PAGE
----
How ending the peg could hit property prices
Flat prices in Hong Kong may fall if the currency is depegged from the US dollar, property experts say.
'The Hong Kong dollar is expected to see an upward trend if it is depegged. And that will hit demand for assets,' said Shih Wing-ching, founder of the Centaline Property Agency.
The Hong Kong dollar has been pegged at HK$7.80 to the US dollar since 1983, depriving the Hong Kong government of monetary policy flexibility to counter cyclical economic movements and giving it little room to ease surges in asset prices. This has prompted calls for the local currency to be depegged, which the government has always resisted.
'Buying desire in the Hong Kong property market is strong partly because our currency, due to the peg, is weakening against other currencies such as the yuan. Buyers opt for property assets, which are believed to be more reliable,' Shih said.
'Now, as Hong Kong's economy is better than that of the US, its dollar will shoot up once it is depegged from the US currency. That will harm investment demand for properties.
'The nominal values of properties will drop.'
Another disadvantage of Hong Kong's exchange rate mechanism is that it forces local interest rates to follow those in the US.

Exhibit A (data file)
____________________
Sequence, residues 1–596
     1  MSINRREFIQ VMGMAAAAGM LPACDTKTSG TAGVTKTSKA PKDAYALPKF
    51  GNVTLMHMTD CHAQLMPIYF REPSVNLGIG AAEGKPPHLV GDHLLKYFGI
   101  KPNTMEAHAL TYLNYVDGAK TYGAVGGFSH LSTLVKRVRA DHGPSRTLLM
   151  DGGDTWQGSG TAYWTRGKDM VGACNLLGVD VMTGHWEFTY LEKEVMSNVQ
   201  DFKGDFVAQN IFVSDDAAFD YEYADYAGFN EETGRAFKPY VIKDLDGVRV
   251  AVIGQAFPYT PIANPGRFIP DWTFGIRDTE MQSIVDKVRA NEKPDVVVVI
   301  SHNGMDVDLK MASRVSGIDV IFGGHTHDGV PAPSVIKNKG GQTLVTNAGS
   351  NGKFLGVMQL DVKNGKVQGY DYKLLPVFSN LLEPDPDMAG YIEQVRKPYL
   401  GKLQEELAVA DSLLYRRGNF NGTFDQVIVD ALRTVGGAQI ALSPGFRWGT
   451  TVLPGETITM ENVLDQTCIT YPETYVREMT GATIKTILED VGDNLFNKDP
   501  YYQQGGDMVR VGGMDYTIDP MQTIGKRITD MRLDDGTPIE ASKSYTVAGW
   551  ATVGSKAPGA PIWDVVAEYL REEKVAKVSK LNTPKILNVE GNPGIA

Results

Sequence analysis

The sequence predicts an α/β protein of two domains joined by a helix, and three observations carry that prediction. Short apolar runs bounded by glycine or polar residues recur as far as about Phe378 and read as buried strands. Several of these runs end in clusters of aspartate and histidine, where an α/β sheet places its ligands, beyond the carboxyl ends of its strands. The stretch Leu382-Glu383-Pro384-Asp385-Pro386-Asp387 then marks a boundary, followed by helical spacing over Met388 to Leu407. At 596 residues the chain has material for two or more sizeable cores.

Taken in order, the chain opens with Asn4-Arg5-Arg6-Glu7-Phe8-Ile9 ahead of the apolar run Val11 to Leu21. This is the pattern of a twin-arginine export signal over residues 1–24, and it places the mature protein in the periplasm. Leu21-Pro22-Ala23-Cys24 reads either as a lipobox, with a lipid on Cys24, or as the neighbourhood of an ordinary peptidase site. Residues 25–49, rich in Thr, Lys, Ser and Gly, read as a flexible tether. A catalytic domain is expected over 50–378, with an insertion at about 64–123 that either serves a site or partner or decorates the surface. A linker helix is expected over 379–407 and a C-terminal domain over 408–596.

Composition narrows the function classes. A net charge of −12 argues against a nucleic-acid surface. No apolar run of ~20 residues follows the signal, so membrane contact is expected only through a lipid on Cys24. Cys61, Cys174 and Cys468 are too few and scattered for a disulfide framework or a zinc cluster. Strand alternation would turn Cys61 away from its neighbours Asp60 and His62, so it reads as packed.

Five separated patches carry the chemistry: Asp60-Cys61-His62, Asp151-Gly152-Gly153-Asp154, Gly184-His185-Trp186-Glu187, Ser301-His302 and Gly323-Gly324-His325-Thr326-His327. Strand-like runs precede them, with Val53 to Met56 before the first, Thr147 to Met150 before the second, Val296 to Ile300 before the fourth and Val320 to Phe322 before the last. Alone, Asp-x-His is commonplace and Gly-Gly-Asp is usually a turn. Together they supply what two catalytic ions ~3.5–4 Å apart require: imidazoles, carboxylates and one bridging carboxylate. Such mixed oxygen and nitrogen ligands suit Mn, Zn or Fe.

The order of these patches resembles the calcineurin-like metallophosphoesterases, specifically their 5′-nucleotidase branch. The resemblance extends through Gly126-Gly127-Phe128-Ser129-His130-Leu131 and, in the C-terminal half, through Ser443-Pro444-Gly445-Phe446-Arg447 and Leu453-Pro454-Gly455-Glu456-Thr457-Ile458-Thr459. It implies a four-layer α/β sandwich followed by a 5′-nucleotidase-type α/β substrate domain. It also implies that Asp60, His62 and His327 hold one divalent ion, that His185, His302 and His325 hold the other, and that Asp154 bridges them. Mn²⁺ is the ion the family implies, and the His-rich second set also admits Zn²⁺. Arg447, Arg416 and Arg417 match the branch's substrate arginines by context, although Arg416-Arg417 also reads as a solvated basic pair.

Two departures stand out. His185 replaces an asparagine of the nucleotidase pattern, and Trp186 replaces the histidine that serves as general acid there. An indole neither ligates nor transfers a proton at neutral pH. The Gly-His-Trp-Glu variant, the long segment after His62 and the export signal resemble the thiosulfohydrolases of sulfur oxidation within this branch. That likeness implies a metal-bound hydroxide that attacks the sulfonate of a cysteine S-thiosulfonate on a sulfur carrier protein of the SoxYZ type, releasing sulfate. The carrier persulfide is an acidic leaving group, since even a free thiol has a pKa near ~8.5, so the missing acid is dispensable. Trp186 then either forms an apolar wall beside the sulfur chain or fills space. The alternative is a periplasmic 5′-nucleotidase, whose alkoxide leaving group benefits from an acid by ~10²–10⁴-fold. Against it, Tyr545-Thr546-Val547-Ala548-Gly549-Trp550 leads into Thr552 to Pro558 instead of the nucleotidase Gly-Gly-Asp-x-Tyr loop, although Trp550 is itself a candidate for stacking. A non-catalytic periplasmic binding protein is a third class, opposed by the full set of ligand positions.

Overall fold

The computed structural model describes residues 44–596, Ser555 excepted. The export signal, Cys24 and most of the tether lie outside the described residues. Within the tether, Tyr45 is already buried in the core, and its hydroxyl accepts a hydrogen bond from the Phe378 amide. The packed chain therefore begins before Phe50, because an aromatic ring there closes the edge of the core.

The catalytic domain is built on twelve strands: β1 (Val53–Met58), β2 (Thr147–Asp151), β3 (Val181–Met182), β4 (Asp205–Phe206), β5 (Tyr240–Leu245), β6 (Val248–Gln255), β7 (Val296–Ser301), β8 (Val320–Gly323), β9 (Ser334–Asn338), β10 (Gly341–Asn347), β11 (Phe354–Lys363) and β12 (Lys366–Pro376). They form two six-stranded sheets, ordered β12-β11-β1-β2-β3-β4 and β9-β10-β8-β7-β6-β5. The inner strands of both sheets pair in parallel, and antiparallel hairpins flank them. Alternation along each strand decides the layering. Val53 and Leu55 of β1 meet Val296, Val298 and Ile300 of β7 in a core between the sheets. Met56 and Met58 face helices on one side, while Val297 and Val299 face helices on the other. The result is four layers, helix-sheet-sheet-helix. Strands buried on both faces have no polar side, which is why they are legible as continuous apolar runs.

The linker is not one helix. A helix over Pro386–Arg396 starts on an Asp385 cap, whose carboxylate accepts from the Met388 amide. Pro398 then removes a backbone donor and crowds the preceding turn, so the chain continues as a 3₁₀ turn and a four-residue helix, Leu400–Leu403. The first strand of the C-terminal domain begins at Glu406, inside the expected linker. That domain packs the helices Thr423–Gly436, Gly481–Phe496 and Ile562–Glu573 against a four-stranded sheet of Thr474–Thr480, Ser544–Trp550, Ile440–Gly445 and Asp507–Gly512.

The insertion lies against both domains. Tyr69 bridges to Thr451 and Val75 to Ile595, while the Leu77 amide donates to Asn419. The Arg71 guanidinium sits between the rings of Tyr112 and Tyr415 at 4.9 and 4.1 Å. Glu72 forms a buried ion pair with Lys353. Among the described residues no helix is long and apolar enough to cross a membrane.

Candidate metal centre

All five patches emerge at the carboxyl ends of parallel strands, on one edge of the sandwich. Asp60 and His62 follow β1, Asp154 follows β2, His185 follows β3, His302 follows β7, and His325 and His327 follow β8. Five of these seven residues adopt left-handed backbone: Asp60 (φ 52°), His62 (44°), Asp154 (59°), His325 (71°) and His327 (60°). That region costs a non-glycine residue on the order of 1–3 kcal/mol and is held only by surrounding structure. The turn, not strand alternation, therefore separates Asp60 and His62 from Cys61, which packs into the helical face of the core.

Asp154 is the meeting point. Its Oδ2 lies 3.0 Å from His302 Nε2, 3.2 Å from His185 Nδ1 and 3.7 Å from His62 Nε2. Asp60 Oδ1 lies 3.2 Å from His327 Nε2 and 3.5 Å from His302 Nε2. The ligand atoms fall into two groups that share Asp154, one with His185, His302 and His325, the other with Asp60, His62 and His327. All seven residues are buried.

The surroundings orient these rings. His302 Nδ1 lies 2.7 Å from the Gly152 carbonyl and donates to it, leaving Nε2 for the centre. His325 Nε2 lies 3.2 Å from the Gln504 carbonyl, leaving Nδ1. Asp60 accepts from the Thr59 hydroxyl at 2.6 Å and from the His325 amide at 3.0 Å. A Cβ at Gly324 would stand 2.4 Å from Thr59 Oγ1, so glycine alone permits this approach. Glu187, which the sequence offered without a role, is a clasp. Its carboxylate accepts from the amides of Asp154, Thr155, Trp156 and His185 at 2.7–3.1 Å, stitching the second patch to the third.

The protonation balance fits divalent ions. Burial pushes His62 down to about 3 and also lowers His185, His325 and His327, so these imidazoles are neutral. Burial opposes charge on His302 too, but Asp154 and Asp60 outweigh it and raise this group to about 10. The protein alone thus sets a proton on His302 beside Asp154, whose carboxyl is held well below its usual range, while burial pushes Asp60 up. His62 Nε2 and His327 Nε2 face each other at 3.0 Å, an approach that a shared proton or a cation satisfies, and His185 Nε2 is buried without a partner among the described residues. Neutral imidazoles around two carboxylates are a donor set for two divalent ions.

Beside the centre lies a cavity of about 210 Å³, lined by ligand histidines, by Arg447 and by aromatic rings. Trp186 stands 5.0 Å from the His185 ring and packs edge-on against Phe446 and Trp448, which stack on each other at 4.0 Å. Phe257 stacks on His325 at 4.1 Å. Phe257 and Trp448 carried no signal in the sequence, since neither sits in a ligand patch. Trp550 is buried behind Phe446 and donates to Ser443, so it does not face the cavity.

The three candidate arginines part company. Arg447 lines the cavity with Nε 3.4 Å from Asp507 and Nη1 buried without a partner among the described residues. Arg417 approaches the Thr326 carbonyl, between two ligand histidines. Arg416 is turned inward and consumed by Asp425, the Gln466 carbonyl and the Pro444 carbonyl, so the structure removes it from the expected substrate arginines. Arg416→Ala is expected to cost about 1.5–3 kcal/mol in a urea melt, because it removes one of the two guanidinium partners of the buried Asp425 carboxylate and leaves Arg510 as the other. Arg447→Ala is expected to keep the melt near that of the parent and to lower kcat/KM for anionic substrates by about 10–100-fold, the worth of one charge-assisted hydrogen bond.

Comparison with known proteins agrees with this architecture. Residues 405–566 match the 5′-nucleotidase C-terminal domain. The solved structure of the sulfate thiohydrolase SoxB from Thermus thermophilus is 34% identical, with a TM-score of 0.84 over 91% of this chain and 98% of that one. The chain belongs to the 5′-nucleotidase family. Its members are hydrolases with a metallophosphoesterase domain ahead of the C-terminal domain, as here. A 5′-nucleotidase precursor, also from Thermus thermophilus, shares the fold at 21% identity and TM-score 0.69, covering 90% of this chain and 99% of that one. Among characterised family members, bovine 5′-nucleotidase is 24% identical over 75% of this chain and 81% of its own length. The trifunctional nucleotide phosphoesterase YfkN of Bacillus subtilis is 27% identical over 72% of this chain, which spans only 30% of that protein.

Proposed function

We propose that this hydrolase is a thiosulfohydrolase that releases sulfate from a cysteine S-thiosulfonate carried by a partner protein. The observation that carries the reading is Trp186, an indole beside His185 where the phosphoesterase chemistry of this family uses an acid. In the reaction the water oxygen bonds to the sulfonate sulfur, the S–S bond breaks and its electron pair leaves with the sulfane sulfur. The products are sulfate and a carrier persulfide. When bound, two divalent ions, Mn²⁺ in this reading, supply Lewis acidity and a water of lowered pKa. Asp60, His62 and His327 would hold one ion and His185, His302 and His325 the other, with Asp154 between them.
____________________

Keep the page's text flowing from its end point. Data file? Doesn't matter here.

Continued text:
The low mortgage rate of 2.2 per cent is seen as one of the main triggers for the rise in price of properties in Hong Kong over the past few years.
'Once it is depegged, interest and mortgage rates will rise according to the city's current economic performance. Hong Kong will see pressure on prices during this rising interest rate cycle,' Shih said.
Shih said there were many factors affecting the movement of property prices. 'But depegging is definitely a negative factor on the industry.'
Having said that, he supported the idea of ending the peg. 'We should not be pegged to a weak currency. We should be pegged with a stronger one.'
Norman Chan Tak-lam, chief executive of the Hong Kong Monetary Authority, said on Tuesday that property prices had been influenced by land and housing supply, and the enthusiasm of mainlanders for buying flats, rather than the monetary mechanism that links the Hong Kong and US currencies.
Buggle Lau Ka-fai, chief analyst at Midland Realty, said the recent fall in the value of the Hong Kong dollar against the yuan had attracted a large number of mainland buyers into the local market. The Hong Kong dollar's exchange rate against the yuan was 0.851 yesterday.
'With the strong yuan, mainlanders feel like they are getting a 20 per cent discount when they buy Hong Kong property,' Lau said. 'But if the Hong Kong currency becomes stronger, mainland buyers will lose their buying interest.'
Midland Realty figures show that mainlanders accounted for 34.3 per cent of sales in the New Territories by value in the first quarter, up from 28.9 per cent from the previous quarter.
During that period, the number of mainland investors buying homes on Hong Kong Island and in Kowloon declined, but they still accounted for 42 per cent and 38.1 per cent, respectively, of buyers.
The rise in property prices from early 2009 and April this year, according to Financial Secretary John Tsang Chun-wah